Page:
Last weekend, Master Drawings New York opened in a bevy of galleries on the Upper East Side, many of them infused by that unique crossbreed of quietly impressive wealth and recherché academicism. Master Drawings, which has taken place over the past week, essentially invites a group of art dealers who have spread their net a bit wider to exhibit rare drawings, watercolors, and oil sketches from the 14th to 20th centuries. The event is in its 11th year and includes pop-up presentations by dealers from London, Paris, Florence, Vienna, and the US. It’s not exactly like your conventional art fair — the works are shown under about 24 roofs instead of one, though the goal is ultimately still to sell.
This gathering is not the sort of place I usually find myself. At each venue, I had to be buzzed in (though once inside I was welcomed with enthusiasm at all of them). I didn’t imagine myself a big fan of what the fair designates as “fine drawings” or “master works.” More, the PR team, in the missives it has sent out, uses words like “score” (as in the number), and refers to “rarities … not seen on the market for decades.” But I look at the works and am surprised by some of them and find ones that are just too excruciatingly beautiful to not write about. So, I have gathered a few that I think are worth sharing.
The first ones that impressed themselves on me are two drawings shown at Shepherd W & K Galleries. Normally I think of Gustav Klimt as the painter of sumptuous, decorative filigree and his colleague Egon Schiele as the artist of the brilliantly economical line. Here, however, they seem to switch roles. I glimpse a Klimt drawing where he does something astonishing with the curve of a model’s hip and shoulder with just a pencil line, and then I see a Schiele that’s all muddy, expressionistic watercolor, the figure emerging from a mass of washy pigment.
At the same gallery, there is also Erwin Lang, a Viennese visual artist and contemporary of Schiele. His work has a starkly graphic and mythic quality that is entrancing.
At Mary-Anne Martin Fine Art gallery, I find sketches I had not previously seen by Leonora Carrington, who had a fascinatingly complex life, which included being a Surrealist painter and sculptor, having a romantic relationship and artistic collaboration with Max Ernst, and helping to found the Women’s Liberation Movement in Mexico. The work I see is playful and strange in the way that the best of Surrealism is strange: skirting the borders of madness.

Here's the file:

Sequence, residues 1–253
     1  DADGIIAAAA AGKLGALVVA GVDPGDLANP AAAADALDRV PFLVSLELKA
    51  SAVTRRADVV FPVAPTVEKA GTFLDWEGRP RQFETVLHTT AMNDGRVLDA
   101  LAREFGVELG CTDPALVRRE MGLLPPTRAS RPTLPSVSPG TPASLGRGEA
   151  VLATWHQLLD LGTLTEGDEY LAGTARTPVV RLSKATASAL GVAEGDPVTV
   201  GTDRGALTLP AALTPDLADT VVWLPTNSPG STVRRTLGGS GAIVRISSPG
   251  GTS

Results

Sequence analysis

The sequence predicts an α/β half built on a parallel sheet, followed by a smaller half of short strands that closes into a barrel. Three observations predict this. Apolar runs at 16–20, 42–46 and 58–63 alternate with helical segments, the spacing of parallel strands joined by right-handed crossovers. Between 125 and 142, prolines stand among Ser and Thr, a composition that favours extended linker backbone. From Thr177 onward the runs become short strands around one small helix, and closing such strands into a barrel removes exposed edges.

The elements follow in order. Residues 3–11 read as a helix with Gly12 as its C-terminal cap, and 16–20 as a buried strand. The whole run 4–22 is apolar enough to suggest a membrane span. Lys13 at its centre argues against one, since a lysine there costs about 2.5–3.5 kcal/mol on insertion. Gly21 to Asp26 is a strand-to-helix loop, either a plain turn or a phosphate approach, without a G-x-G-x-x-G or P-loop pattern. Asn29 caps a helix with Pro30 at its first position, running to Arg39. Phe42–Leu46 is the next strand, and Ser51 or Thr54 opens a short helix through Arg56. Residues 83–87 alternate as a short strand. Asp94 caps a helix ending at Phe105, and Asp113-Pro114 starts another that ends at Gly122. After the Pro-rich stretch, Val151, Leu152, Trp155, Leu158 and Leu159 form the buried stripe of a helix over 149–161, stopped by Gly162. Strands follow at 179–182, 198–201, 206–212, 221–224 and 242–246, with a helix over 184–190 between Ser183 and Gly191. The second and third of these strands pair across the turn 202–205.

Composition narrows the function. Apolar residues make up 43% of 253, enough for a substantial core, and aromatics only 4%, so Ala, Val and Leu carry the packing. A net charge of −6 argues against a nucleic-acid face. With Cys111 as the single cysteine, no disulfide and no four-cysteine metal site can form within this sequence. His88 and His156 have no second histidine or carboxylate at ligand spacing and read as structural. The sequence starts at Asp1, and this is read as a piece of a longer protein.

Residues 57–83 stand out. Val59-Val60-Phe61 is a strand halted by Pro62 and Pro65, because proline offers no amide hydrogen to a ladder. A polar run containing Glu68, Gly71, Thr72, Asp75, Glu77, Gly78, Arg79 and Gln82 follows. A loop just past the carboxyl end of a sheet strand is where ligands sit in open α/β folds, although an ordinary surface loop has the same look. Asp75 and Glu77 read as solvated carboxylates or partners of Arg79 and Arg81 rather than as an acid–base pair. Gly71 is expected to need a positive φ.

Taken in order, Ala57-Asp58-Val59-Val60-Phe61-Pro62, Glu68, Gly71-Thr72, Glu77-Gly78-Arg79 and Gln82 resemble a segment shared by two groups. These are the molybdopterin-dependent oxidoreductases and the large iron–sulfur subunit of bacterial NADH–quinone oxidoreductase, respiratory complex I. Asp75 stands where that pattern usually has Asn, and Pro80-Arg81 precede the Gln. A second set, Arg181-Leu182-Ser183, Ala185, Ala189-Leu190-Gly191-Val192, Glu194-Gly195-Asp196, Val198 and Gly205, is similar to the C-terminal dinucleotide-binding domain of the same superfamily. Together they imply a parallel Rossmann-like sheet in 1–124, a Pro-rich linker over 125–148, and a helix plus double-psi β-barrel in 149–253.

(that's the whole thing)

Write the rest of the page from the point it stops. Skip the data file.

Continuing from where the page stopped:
Next I wander into the temporary space occupied by Découvert Fine Art, which is based in Rockport, Massachusetts. Most of the drawings do not interest me, except for one by Giovanni Battista Foggini who was the court sculptor for Cosimo III in Florence. According to the gallery, Foggini’s major works can be found in the Capella Corsini and the Chiesa del Carmine on Florence. I love the expression on the man’s face in this ink drawing. Usually I see that kind of doting devotion only in images with women and children, so am pleasantly surprised by this.
At Mireille Mosler Ltd., which specializes in Dutch and Flemish Old Master paintings, there are two stunning chalk drawings, both in terms of the work itself and the framing. One is by Jan Bogaerts and depicts a night scene that is gauzy and ephemeral. The other, by Willem van Konijnenburg is almost the opposite: strong, brutalist in its style, foreshortened to the point where it’s almost a frieze. And both are captivating.
The last gallery I visit is David Tunick Prints & Drawings where there is a detailed study of faces that is so skilled with its contouring that the content almost ceases to matter to me. And I see a drawing by Picasso from his famous “Blue Period,” which is the part of his oeuvre I most appreciate; the melancholy feels real. And lastly, is another Klimt drawing, this one convincing me more of his brilliant draftsmanship, bringing a woman to life with that carefully exacting line that seems at times to go astray, but on close inspection never does.
Master Drawings New York continues at selected galleries on the Upper East Side of Manhattan through January 28.
In his new works, Gober pulled me into another world, one that was both illuminated by natural light and full of cold shadows.
What’s difficult, perhaps impossible, to show in art is the experience of what passes beyond all comprehension.
At this free online summit, hear from architects Tadao Ando and Lesley Lokko; artist Himali Singh Soin; author Amitav Ghosh; design studio Formafantasma; and more.
Testament at Goldsmiths College asks: Can any monument be removed of its tarnish?
Hiding in plain sight, the box obscures a vast legacy of inequality without undoing it. It removes the most visible source of conflict without addressing the root causes.
This immersive video installation utilizes waterscape scenes to speak about concepts such as existence, intimacy, healing, and aquatic ecology.
Unveiled as a part of the Prospect.5 triennial, the bronze is one of five new works that suggest new approaches to public statuary.
X-ray imaging revealed the hidden wounds on Yves Tanguy’s 1930 masterpiece, which was slashed violently during an attack on a Paris arthouse theater.
Curator, educator, and transdisciplinary artist Jova Lynne is coming from MOCAD to lead Temple Contemporary exhibitions and public programs.
Their portraits will be included along with those of Venus and Serena Williams, José Andrés, Clive Davis, and Marian Wright Edelman.
Since 2017, the Gordon Parks Foundation has awarded annual fellowships to 10 artists in a range of disciplines.
To understand contemporary art, it is necessary to investigate the connections that are sometimes omitted or undervalued in art history.